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Townsend Harris’s Festival of Nations (FON) is a chance for students to highlight the diversity in this school and share a part of their culture through either song or dance. Just as in the past, this year students will join groups, either those they have a personal connection to or just have an interest in, and for a few hours will transport audiences all around the world. However, before students can take center stage, they should know that a few changes are in store for the event.
One of the changes that will accompany this year’s FON is the costumes. Leaders of both Hispanic FON and Caribbean FON have expressed their plans regarding performance attire this year. Senior Catherine Vozikis, one of the leaders of Hispanic FON, said that she’d like to work on making the outfits for the show less flashy. “We always strived for costumes that were bright and suitable for the stage but still wearable for other occasions. Last year we had silver sequined shirts that looked good and stageworthy, but members stressed the fact that they couldn’t really wear them anywhere else. Some years we just stuck to black leggings or a skirt and a plain shirt. We don’t know how we’re going to change costumes yet, but the goal is to have something affordable and practical, but still aesthetically pleasing.”
Contrary to the leaders of Hispanic FON, Caribbean FON co-starters Kaycia Wilson and Christina Marshall, juniors, both expressed their desire for brighter, bolder outfits this year, stating that they plan on adding more color to the costumes. Christina added, “We’d like to make the costumes more elaborate, if we can.”
Others are reluctant to change their costumes. Riane Bawalan, senior and member of Filipino FON, said that the costumes are expected to be the same year after year for the traditional dances.
Changes in dance routines and overall performances are to be expected as well. Caribbean FON intends to have more technical choreography that better reflects the culture of the islands. “[There will be] more people, more music, more costuming, and more elaborateness. We made four new routines in the summer. [We will have] better transitions, with some of the same moves but even more culture,” commented Kaycia.
Like its Caribbean counterpart, Hispanic FON will undergo major changes in the dances. Although the styles of music, which include traditional Latino genres, will stay largely the same, Hispanic FON will create smaller dance groups based on musical genre, to organize the growing number of participants. “We also plan to utilize different formations on stage when dancing, instead of the usual gridded and “window” technique. Circle formations and switching partners is something we’re definitely working on, “ Catherine explained.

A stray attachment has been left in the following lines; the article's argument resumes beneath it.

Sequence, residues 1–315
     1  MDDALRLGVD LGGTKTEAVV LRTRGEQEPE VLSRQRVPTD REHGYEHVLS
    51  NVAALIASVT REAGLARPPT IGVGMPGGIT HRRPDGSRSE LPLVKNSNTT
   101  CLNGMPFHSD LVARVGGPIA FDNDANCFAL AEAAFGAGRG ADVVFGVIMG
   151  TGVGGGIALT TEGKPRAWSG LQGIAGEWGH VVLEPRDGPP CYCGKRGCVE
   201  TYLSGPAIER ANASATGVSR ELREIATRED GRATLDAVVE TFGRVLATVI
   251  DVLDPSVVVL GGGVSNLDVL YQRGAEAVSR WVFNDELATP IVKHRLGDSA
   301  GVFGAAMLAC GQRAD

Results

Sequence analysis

Similarly, Punjabi FON anticipates a vastly different look in 2014. Arminder Singh, a senior leader of Punjabi FON, revealed, “There are going to be new members, new leaders, new outfits, more props and definitely better music. This year’s dance will look very different from last year’s.”
For the many FON groups, the arrival of new leaders will also distinguish this year’s performance from that of last year. The new leaders, who are typically seniors, bring their experience, strengths, and tastes when coordinating performances. Anaya Brannon, a junior performing in the Hispanic FON, acknowledged, “There will be new leaders so the dances will reflect their personal styles. The dances will still have some traditional and some modern songs. And it’ll still be a lot of fun.” Ann Kochupurackal, a junior member of Dhamaka, also acknowledged the instrumental role of the seniors, saying, “The seniors this year are really creative, so I’m sure they’re already stirring up some great innovative ideas for this year’s FON.”
Aside from the array of distinctions that will separate this year’s FON from the previous year’s, this year’s performances will once again take place on the stage at Townsend Harris as opposed to the stage of the Colden auditorium. Like SING!, the student body was polled and FON will also be put on for two nights.
Senior Amanda Ramsaroop expressed a different change that called for concern. “For FON in general our biggest change is losing Ms. Mars, who was basically the backbone of FON. So for now I’m taking this time to get to know Mr. Barbetta and Ms. Fee, and we’re working with Ms. Ezquerra to organize dates and deadlines for leaders.”
Despite all of the things that will be subject to change this year, some traditional aspects will remain. The specific tracks of each performance change every year, but the musical genres largely stay the same. Members of Hispanic FON will continue to dance to musical styles such as bachata, merengue, reggaeton, and salsa; their friends at Filipino FON will perform to traditional Filipino music, as well as to old school and modern American songs. Many of the same moves and routines seen last year will be used again this year. Riane Bawalan, a senior leader of Filipino FON, described the classic format of Filipino FON as “one traditional dance, two female dances, and two partner dances.” In Punjabi FON, traditional dance styles will reintroduce dance moves from last year. “I guess the way we’re going to perform would stay the same. When it comes to bhangra (a form of Indian dance), the order and way the steps are executed matters most because many of the steps are very similar,” observed Arminder.
Many of the much-loved traditions Townsend students have grown accustomed to will be accompanied by numerous changes at the 2014 Festival of Nations, which serves as a festive reminder of the diversity and energy within the student body.